What can clearly be seen is the contradiction between different orientations. As it is important to appreciate a certain opening of the debate, talking wider areas of social quality, of well-being into account we find at the same time and again and again the opposite way, focussing on a narrowly interpreted integration strategy on the basis of economic growth.

Thus, the Employment and Social Policy Council, as it took place on March 7th this year:

“reaffirms the need to strengthen social integration and the fight against exclusion, in line with the conclusions of the Nice European Council , since, notwithstanding the multidisciplinary nature of the phenomenon, the best instrument for inclusion is employment, so that it is essential that employment services and social services work together in such a way that both mechanisms improve the employability of the socially excluded. Employment is always preferable to unemployment, but it must meet certain minimum conditions and offer opportunities for progress in work.”

And in the Presidency conclusions from March 15th/16th, 2002 we read:

The European social model is based on good economic performance, a high level of social protection and education and social dialogue. An active welfare state should encourage people to work, as employment is the best guarantee against social exclusion. The European Council considers the Social Agenda agreed at Nice to be an important vehicle for reinforcing the European social model. The Spring European Council must be the occasion for an in-depth review of progress in bringing about its objectives. This review should lend further impetus and lead to appropriate initiatives where necessary. The Lisbon goals can only be brought about by balanced efforts on both the economic and social fronts.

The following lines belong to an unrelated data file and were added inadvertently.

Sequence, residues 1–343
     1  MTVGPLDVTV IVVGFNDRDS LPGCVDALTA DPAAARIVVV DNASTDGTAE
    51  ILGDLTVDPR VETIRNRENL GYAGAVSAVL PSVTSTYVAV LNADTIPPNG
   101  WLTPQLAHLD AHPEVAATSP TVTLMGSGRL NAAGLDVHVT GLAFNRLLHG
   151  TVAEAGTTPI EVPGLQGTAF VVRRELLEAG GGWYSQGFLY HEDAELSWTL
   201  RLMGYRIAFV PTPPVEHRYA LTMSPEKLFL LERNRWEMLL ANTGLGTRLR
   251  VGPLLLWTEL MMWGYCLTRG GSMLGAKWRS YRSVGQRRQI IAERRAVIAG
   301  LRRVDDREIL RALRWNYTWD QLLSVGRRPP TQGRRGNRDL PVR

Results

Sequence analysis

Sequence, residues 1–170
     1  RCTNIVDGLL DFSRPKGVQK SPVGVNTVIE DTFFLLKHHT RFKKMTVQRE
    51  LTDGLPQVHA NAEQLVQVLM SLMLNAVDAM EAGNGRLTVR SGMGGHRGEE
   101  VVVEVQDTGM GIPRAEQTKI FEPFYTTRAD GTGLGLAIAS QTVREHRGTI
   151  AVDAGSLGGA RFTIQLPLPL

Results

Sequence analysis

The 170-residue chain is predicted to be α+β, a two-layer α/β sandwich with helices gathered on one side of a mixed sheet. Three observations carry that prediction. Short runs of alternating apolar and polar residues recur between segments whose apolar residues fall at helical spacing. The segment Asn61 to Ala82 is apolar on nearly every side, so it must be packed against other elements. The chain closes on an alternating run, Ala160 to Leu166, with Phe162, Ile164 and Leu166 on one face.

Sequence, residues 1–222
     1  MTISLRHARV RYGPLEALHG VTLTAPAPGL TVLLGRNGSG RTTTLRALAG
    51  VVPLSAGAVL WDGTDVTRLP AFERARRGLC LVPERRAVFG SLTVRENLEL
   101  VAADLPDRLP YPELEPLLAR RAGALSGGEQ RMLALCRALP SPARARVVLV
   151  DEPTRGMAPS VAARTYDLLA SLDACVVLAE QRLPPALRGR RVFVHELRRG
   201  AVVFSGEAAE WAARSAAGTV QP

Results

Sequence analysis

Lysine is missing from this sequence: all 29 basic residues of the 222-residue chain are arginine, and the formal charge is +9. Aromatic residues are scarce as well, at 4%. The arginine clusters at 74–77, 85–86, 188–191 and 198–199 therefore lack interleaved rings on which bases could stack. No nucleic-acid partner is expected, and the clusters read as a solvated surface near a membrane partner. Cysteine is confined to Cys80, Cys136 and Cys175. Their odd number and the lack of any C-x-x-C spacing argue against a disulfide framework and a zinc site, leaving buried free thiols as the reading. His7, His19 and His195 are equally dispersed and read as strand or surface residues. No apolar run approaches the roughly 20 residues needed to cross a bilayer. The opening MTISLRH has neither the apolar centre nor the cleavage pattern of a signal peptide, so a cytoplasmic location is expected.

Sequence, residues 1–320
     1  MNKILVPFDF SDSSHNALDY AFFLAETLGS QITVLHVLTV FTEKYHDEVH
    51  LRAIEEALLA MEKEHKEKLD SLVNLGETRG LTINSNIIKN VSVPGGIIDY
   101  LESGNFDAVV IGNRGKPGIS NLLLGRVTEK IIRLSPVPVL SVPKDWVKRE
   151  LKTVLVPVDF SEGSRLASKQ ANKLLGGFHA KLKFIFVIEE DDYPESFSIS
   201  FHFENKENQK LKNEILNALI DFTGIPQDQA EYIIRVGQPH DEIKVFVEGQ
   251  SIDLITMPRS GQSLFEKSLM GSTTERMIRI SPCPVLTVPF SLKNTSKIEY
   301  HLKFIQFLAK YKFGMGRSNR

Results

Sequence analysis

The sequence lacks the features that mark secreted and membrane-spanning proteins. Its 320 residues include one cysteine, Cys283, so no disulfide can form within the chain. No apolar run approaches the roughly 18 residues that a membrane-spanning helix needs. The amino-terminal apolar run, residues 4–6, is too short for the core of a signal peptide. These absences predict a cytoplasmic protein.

As far as the social front is concerned, this includes

increasing the involvement of workers in changes affecting them. In this connection, the European Council invites the social partners to find ways of managing corporate restructuring better through dialogue and a preventive approach; it calls on them to engage actively in an exchange of good practice in dealing with industrial restructuring;

enhancing the qualitative aspects of work: as regards in particular the health and safety dimension, the European Council invites the Council to examine as a matter of priority the forthcoming Commission communication on a Community health and safety strategy.


In short, we can see that the “progress”, namely the acceptance of an original European competence in the area of combating poverty had been highly priced: the concentration on traditional market (-liberal) strategies to overcome social exclusion.

Now, it has to be said at the same time that this string link to labour market policy and economic area should be seen as well as opportunity to overcome the split between different “social movements”, here the workers movement and there the movement for the excluded. Social professions and social politics would do good to return to a more holistic approach, and this would definitely mean not to look solely at “own rights” but to look at common social rights in the quest for social quality. And the orientation on social quality has thoroughly to investigate the question of the meaning of quantifiable indicators. Already in the 60s/70s of the last century a social indicator movement tried to solve questions like this and again and again the challenge is to include those aspects which are usually hidden behind the figures – including them without “individualising cases”.